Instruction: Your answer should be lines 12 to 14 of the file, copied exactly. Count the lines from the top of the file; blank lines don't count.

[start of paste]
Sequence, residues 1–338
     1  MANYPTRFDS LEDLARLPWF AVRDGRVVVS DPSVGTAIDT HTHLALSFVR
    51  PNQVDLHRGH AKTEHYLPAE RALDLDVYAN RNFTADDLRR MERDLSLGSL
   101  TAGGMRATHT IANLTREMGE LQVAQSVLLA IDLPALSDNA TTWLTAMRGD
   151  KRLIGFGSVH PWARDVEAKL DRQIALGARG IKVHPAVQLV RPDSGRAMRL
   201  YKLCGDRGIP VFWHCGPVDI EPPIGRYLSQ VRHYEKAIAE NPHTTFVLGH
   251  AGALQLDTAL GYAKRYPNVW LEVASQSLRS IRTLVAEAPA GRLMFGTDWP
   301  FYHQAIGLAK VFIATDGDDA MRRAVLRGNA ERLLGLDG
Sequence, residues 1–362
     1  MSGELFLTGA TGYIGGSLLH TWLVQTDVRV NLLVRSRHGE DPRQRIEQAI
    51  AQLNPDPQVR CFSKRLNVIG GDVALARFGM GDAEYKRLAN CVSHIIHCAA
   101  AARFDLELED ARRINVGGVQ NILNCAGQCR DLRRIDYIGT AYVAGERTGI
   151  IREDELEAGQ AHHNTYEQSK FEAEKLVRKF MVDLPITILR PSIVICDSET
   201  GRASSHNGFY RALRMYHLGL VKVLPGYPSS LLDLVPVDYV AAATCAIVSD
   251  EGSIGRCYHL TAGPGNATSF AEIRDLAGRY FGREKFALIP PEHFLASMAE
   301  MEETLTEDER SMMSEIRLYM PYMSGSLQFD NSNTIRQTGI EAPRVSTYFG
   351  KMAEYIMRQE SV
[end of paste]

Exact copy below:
   101  AARFDLELED ARRINVGGVQ NILNCAGQCR DLRRIDYIGT AYVAGERTGI
   151  IREDELEAGQ AHHNTYEQSK FEAEKLVRKF MVDLPITILR PSIVICDSET
   201  GRASSHNGFY RALRMYHLGL VKVLPGYPSS LLDLVPVDYV AAATCAIVSD